Carrot Cake

Huh? Carrot Cake doesn’t seem like a traditional Christmas dessert – but it is just about my favourite treat other than something made with dark chocolate. We have done extensive testing of store bought carrot cake and the Fountain Hills AZ Safeway store makes a carrot cake to die for! Since it is just going to be two of us for Christmas dinner this year, quick and simple Safeway carrot cake is the way to go!

What are your traditional Christmas Desserts?

Indoor Cold Storage – Project Accomplished!

New fridge

The new fridge finally arrived. Twice actually. The first time, the delivery truck couldn’t negotiate the deep snow in our drive way and had to abort the mission. With little hope that the snow would melt before spring, The Car Guy abandoned his plan to mow the grass one more time this fall. He removed the mower from the tractor and installed the snow blade. I helped him. We had some brief discussions about either buying a new tractor with easier implement changing, or moving to the city…

Two days later the fridge was delivered. If you have been following the Fridge in the Middle Story, you will note that the fridge just fit into the cabinet and all is right in the kitchen again. Now, and here is the ‘cool’ part, we have a water and ice dispenser – and not just cubed ice – crushed ice too!

Think of the summer drink possibilities – except now it is fall.

Fridge with a graphic filter

Or, it should be fall except  winter arrived first. The two seasons have been exchanging blows – snow, some melting, more snow, some more melting. Today we are back into snow.

I tried to dig the potatoes during one of the melting spells, but the garden was one large mud patch. It just wasn’t worth the effort for a bucket full of potatoes. It really is too bad, because the hills I did dig yielded very few potatoes, but they weren’t scabby. First time ever. The weather forecast says we return to normal fall weather next week. Maybe I’ll get the spuds out of the ground yet.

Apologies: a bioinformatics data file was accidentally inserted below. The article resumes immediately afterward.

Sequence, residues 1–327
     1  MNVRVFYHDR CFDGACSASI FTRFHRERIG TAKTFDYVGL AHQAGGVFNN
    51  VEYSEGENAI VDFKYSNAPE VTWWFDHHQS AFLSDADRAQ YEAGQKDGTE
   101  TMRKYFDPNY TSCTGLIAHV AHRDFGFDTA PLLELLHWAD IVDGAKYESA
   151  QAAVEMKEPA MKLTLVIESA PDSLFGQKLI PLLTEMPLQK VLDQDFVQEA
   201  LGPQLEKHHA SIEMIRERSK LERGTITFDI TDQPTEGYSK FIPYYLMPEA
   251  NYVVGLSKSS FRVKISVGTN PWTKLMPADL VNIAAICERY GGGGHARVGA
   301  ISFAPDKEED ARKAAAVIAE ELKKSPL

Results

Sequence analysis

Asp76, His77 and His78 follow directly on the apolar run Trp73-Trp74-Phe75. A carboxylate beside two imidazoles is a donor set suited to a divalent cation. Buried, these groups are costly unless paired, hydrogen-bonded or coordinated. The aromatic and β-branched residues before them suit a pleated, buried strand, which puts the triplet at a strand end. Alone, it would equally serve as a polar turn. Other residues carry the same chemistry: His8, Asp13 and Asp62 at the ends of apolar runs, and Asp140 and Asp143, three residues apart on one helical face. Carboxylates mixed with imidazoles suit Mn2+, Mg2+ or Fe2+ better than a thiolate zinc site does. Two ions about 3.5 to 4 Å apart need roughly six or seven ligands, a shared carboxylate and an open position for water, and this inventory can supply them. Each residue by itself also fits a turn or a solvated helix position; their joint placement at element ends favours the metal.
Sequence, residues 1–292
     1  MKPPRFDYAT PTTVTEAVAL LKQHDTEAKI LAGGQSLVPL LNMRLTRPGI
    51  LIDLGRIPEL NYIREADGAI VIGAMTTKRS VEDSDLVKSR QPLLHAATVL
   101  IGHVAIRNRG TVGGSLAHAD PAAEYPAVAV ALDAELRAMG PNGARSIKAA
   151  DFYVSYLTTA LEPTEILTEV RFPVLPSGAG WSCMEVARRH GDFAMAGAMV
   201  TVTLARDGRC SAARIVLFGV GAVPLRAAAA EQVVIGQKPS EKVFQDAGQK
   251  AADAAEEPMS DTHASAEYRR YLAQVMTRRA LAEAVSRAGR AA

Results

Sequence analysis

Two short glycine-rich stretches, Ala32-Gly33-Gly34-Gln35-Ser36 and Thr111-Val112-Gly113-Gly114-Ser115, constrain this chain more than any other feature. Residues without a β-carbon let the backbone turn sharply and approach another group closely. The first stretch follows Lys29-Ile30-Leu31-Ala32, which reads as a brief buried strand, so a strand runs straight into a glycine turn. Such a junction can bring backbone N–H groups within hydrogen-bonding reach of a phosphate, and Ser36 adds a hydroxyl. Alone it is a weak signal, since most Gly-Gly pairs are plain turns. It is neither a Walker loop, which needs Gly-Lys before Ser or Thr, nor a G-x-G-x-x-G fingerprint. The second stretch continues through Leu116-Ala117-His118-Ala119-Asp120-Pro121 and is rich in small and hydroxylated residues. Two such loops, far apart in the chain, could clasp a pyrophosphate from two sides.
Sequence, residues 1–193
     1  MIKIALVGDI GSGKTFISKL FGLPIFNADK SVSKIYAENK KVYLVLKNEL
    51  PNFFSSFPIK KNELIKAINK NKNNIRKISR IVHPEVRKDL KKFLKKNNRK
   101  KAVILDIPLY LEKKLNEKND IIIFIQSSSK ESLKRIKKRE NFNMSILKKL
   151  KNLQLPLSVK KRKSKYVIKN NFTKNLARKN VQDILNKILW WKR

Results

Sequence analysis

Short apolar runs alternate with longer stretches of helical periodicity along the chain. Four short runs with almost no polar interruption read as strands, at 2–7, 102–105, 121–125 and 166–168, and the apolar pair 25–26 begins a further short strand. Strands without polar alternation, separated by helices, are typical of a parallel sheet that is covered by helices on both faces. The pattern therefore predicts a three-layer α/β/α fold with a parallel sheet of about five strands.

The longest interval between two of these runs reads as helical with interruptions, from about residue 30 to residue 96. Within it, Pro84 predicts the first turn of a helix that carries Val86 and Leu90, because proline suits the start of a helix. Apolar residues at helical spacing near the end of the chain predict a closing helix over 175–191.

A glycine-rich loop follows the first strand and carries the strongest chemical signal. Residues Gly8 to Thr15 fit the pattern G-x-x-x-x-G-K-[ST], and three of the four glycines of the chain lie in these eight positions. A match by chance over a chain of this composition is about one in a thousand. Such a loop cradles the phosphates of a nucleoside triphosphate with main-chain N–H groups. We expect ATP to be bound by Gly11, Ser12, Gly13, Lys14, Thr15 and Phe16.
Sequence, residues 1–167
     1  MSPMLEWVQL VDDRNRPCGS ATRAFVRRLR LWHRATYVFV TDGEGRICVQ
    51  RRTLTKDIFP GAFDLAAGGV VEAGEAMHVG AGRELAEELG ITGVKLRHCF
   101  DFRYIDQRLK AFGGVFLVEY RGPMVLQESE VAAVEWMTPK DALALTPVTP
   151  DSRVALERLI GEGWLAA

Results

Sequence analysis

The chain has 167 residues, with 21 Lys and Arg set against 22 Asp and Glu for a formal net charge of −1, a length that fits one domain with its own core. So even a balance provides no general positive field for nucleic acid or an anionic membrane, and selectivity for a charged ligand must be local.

Spuds, taters – is there another word for potatoes in your part of the world?

I bought a big bag of potatoes and it’s growing eyes like crazy. Other foods rot. Potatoes want to see.
– Bill Callahan, Letters to Emma Bowlcut –

Another snow day

Fridge in the Middle

The Car Guy and I decided to replace our refrigerator. It is over 20 years old and well past its ‘best before’ date.

This is a haiku
Haiku’s don’t have to make sense
Refrigerator
– Author Unknown –

The appliance store had so many fridges to choose from – at least, that is what we thought when we first walked in the door! But, as our sales associate, Todd, walked us through the choices, it became clear that our new fridge would be ‘one of a kind’. Yes, if we wanted a fridge with an ice maker/water dispenser, with two upper doors and a lower freezer, that would fit in the space we had, in the colour white (to match the appliances we weren’t replacing) – our selection was one fridge.

So we ordered the fridge. It was supposed to be delivered in a week – two weeks tops! That was almost two months ago.

On a very local scale, a refrigerator is the center of the universe. On the inside is food essential to life, and on the outside of the door is a summary of the life events of the household.